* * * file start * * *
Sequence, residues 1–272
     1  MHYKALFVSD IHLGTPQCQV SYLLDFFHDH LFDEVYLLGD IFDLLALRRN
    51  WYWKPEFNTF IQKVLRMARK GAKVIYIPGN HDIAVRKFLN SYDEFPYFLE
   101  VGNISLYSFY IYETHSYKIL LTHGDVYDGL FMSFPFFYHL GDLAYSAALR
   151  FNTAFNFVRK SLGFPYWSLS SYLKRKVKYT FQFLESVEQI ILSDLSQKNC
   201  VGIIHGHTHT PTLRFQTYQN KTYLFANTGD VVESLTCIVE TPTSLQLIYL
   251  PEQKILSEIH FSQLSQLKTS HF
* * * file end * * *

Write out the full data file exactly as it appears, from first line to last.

Sequence, residues 1–272
     1  MHYKALFVSD IHLGTPQCQV SYLLDFFHDH LFDEVYLLGD IFDLLALRRN
    51  WYWKPEFNTF IQKVLRMARK GAKVIYIPGN HDIAVRKFLN SYDEFPYFLE
   101  VGNISLYSFY IYETHSYKIL LTHGDVYDGL FMSFPFFYHL GDLAYSAALR
   151  FNTAFNFVRK SLGFPYWSLS SYLKRKVKYT FQFLESVEQI ILSDLSQKNC
   201  VGIIHGHTHT PTLRFQTYQN KTYLFANTGD VVESLTCIVE TPTSLQLIYL
   251  PEQKILSEIH FSQLSQLKTS HF